Some American experts pooh-pooh China’s concerns, claiming that it has overstated THAAD’s capabilities in order to use the issue to weaken the U.S.-South Korea military alliance and solidify its own regional dominance. Robert Kelly, a professor of international relations, commented, “Beijing’s objections are shallow enough for the real message to come through: that South Korea should not further its military relationship with the United States.” Others, however, see Chinese grievances as legitimate, especially with respect to its strategic interests. Jaganath Sankaran of the Center for International and Security Studies at Maryland along with Bryan L. Fearey, director of the National Security Office at Los Alamos National Laboratories, write that China fears encirclement and that even initially mild defense postures like THAAD could accumulate growing capabilities over time and thus be converted into larger and more threatening postures.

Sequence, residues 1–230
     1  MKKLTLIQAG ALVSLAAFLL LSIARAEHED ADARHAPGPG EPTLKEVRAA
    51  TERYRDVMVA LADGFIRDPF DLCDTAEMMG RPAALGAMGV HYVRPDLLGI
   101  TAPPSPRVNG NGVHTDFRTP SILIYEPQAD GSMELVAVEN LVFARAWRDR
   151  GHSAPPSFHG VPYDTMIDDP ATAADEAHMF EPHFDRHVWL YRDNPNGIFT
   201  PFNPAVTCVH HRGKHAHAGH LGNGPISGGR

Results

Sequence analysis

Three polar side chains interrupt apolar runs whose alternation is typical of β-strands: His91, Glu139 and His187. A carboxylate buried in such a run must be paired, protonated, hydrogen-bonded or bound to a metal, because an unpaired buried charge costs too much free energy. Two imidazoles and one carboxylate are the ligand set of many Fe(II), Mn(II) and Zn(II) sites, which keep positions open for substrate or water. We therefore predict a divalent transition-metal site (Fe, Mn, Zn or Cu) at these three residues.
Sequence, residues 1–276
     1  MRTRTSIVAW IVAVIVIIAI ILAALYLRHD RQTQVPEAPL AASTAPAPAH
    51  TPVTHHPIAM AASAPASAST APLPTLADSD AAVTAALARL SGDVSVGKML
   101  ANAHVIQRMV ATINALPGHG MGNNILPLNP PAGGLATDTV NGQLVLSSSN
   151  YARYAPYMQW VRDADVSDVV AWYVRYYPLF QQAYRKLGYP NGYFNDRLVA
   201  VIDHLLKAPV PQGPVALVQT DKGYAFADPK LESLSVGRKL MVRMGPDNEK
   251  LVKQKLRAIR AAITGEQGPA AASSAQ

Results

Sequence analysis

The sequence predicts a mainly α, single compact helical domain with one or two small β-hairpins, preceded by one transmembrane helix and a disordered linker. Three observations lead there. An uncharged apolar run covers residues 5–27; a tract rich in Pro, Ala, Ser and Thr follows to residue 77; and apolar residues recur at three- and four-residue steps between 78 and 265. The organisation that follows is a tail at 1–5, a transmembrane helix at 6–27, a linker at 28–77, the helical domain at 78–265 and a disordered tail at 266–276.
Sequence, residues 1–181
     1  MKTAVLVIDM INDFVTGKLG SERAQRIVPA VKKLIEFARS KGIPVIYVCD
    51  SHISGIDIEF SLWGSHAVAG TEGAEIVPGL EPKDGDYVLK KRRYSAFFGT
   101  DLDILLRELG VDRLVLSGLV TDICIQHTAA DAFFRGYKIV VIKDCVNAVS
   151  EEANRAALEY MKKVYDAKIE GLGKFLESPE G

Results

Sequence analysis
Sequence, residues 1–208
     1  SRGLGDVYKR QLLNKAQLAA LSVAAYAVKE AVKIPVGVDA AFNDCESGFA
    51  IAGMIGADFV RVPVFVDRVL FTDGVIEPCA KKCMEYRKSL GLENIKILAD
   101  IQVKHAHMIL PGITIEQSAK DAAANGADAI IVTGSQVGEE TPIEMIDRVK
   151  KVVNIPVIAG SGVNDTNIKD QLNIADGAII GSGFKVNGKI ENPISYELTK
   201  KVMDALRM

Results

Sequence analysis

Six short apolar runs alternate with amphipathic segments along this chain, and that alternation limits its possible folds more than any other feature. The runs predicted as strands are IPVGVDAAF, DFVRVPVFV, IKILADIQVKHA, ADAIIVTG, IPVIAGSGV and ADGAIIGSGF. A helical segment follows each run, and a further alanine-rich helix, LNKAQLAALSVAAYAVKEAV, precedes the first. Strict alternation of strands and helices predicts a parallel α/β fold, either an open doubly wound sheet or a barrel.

Addressing China’s claim that THAAD may be used against their missiles, Greg Thielmann, former State Department intelligence analyst and board member of the Arms Control Association, argued that Beijing has legitimate concerns about the impact of the THAAD radar on China’s nuclear deterrent. Although this radar’s present configuration is oriented toward defense against North Korean missiles, it would only take hours to convert the system software into a configuration that would improve the effectiveness of U.S. strategic defenses based in Alaska and California against Chinese ICBMs by providing earlier tracking data on their launches toward the United States.
Theodore Postol, professor emeritus at MIT, notes: “[Deploying THAAD] puts South Korea at odds with China over a defense system that has no merit for South Korea’s defense, and it will certainly raise tensions between China and Japan.” Postol adds that an indirect and far-ranging consequence of THAAD could be the downgrade of American credibility, as deployment affirms “the view of many nations that deal with the U.S. that the U.S. is untrustworthy in terms of its commitments.”